American attempts to reshape politics in Haiti go back to 1915 when Marines were sent to put an end to the chaos of internal conflict. They stayed for nineteen years, declaring that the Haitian people were unfit to rule themselves. Americans seized land and created an army and police force that were supposed to prevent revolt and protect American capital. That was not the end. Papa Doc Duvalier received US military assistance during his first, bloodiest years. He got $40 million from Washington and the help of Marines to protect his regime from any popular movement that might threaten his rule.
In 1994, President Clinton ordered American forces to intervene to restore the elected president, Jean-Bertrand Aristide, to power after he was overthrown, protect American interests, and stop the atrocities. “Even sending twenty thousand US troops,” as Danner writes, “failed to alter the fundamental dynamic.” US soldiers did not confront the militiamen who kept their weapons since they did not want to risk American casualties. As for Aristide, he was flown by US helicopter back to the Presidential Palace, from which he ruled erratically, only to be flown a decade later into exile again.
The pros and cons of American intervention were to become a pressing issue once more during the wars in the former Yugoslavia, which Danner reported on a few years after his visit to Haiti. The Dayton agreement brought peace to Bosnia and Herzegovina in November 1995, and almost four years later the NATO intervention in Kosovo and the bombing of Serbia took place. Danner, who spent time in Bosnia during the war, was pondering not just his own experience there, but looking back at the events that led to the secession and recognition of various republics as independent nations, the wars that ensued, and the dissolution of a country that had been known as Yugoslavia since 1918.
What concerns him, as it does almost everyone who has written about these wars, is how it was possible for the international community, and in particular the United States, to do nothing in the face of the shelling of Sarajevo and the murder of unarmed people by the Serbian forces, which the whole world saw on TV. Why wasn’t there a military intervention to counter Serbian ethnic cleansing? Why wasn’t air cover provided to escort the surrounded and defenseless Bosnians in Srebrenica to safety? Some of the dithering by the United States and the European Union about what to do can be understood and even forgiven in retrospect, but not this atrocity for which there was plenty of advanced warning given to people who could do something about it and who then procrastinated until it was too late.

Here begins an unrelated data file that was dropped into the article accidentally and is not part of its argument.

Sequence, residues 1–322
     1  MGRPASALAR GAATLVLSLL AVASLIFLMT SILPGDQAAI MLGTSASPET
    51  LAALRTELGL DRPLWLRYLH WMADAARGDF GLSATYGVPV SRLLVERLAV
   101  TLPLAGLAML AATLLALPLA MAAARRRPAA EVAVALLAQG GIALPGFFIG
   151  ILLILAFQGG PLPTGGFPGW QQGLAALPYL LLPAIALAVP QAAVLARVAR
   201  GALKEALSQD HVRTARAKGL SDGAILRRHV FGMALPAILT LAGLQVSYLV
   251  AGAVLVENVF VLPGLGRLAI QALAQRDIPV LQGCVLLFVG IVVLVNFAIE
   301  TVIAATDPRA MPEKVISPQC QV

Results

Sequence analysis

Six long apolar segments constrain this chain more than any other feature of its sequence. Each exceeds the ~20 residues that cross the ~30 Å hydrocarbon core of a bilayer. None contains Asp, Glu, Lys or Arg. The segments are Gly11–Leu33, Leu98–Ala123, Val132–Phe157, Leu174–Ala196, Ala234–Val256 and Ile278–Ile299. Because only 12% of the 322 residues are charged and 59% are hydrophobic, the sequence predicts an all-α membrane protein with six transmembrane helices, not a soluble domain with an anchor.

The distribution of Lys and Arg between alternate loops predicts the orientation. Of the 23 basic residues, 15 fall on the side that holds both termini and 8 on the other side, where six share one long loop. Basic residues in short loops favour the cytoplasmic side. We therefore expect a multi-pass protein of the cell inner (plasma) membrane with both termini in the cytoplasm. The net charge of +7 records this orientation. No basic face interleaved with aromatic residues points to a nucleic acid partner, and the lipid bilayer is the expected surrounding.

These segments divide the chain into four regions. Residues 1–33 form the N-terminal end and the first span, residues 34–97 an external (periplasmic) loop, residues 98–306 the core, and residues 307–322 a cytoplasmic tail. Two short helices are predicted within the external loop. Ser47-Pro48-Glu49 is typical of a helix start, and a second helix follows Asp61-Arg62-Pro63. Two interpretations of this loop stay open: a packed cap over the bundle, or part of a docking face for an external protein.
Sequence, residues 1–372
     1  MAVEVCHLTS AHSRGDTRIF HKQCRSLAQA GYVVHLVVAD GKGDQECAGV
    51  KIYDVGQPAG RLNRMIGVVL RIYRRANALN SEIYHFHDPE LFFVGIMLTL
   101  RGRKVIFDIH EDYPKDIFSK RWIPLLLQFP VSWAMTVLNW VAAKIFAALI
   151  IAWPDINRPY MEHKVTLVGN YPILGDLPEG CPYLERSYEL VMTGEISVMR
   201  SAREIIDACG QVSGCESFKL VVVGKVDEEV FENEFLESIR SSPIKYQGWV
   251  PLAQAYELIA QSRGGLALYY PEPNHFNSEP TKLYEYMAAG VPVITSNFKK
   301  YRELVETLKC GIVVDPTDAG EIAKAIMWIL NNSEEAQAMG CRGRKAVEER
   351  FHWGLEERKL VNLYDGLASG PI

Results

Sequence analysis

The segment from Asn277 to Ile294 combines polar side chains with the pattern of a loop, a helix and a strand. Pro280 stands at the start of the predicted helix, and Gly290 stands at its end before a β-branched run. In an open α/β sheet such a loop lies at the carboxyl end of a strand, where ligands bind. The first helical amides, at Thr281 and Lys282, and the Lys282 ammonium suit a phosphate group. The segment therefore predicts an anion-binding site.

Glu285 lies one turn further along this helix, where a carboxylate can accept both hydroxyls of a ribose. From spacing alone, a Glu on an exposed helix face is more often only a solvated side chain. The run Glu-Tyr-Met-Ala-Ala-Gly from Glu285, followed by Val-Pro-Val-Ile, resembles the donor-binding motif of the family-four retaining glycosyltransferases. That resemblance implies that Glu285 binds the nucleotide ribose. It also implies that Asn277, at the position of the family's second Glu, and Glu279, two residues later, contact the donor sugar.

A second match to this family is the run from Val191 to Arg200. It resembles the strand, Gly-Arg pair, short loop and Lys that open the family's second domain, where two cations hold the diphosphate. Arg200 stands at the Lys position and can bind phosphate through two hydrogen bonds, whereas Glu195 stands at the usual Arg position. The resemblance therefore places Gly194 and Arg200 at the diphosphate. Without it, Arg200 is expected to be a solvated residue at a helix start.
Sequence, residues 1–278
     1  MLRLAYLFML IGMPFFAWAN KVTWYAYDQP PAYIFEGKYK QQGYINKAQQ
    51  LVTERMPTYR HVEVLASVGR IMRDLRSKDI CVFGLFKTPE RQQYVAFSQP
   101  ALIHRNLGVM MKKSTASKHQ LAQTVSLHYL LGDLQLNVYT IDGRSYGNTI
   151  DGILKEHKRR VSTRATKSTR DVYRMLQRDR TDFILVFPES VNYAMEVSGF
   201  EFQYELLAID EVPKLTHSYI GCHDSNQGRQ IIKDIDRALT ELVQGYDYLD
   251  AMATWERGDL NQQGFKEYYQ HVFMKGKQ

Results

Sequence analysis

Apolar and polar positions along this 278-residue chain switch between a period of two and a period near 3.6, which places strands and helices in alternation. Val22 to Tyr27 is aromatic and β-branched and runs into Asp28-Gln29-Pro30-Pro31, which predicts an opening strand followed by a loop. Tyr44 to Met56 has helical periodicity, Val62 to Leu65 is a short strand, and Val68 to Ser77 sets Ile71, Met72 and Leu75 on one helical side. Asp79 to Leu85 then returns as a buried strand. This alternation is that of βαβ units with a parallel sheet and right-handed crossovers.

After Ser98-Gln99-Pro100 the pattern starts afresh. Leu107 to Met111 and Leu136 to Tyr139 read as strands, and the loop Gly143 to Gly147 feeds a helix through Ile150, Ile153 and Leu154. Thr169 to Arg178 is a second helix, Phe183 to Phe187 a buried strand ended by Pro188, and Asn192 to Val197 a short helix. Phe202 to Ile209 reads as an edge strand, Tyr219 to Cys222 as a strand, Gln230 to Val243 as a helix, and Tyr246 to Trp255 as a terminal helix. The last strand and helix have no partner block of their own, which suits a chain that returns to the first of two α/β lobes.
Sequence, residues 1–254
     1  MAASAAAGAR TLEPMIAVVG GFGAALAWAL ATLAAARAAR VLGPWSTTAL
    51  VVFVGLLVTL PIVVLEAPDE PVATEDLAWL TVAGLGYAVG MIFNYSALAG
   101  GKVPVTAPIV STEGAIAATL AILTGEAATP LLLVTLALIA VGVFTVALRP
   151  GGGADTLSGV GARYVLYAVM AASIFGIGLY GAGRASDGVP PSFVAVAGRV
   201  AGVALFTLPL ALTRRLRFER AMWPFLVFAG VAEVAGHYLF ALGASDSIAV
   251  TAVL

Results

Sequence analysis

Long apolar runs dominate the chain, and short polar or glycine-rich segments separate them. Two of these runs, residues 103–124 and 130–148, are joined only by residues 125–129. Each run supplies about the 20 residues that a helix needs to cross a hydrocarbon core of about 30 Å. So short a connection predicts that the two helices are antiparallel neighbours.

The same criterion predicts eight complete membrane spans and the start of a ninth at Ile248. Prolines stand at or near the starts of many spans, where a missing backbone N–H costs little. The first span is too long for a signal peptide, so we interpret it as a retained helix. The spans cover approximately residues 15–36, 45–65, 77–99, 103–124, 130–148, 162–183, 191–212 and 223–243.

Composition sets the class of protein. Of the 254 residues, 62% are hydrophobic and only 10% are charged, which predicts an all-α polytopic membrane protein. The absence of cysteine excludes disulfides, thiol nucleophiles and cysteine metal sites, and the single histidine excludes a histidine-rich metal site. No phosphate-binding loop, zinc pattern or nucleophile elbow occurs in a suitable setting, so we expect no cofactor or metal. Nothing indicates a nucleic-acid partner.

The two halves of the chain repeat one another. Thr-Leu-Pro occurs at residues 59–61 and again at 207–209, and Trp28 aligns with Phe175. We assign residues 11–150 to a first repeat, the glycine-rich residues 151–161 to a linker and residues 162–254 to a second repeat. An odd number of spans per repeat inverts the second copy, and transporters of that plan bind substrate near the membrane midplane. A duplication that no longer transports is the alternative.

Danner chronicles the involvement of the United States, beginning with the first President Bush and the failed visit of Secretary Baker to Belgrade in June 1991. Baker tried to hold Yugoslavia together despite a recent CIA National Intelligence Estimate that, according to an unnamed source quoted in The New York Times, said prophetically that the old Yugoslav experiment had failed, that the country would break up, and that this likely would be accompanied by ethnic violence and unrest leading to civil war. “No one can prove that ‘concrete threats’ or even ‘actions’ (and one can conceive of many, short of all-out war) could have prevented the conflicts to come,” Danner writes. Military intervention, however, was not considered, since the United States was busy elsewhere with the turmoil in the Soviet Union and the Middle East, and with the approaching presidential election.
Danner claims that with Slovenia and Croatia about to secede, Baker’s warnings against a unilateral declaration of independence and against the use of force to hold the federation together seemed to sanction force by the Serbs. Still, it wasn’t the Serbs but the Yugoslav army and the Yugoslav government—still in place—that naturally would have had some interest in preserving the union.
The situation, at least before the hostilities started, was not as clear-cut as Danner leads us to believe. Yugoslavia was a country that, despite what the ethnic nationalists trumpeted, was not an awful place to live for most of its population and especially for the people who were intermarried or lived as minorities in republics where another ethnic group dominated. They and many other Yugoslavs hoped for reason to prevail and some sort of looser confederation between the republics to emerge gradually. The European Community, however, put a stop to that by going on record to declare in March 1991 that the Yugoslav republics had the right to freely determine their own future. Germany pushed for Slovenia and Croatia to secede immediately, as did the United States a few months later with Bosnia and Herzegovina.
Without a thought for the consequences, they encouraged nationalist leaders and ethnic groups they found congenial to break up a multiethnic country at the expense of those who had no clear ethnic loyalties and those like the Serbs who, although the largest ethnic group in Yugoslavia, found themselves a large minority in Croatia and almost half the population in Bosnia-Herzegovina. None of the nationalist parties favored by the US, including the Slovenes, had any use for multicultural identity. The openly fascist features of Croatia’s ruling HDZ party, with its anti-Serb rhetoric, were passed over as a matter of little importance. So was the Muslim triumphalism in Bosnia. Slobodan Milosevic would not have had such a free rein if Yugoslavia and its last government, including its multiethnic army, were not so precipitously forced out of existence.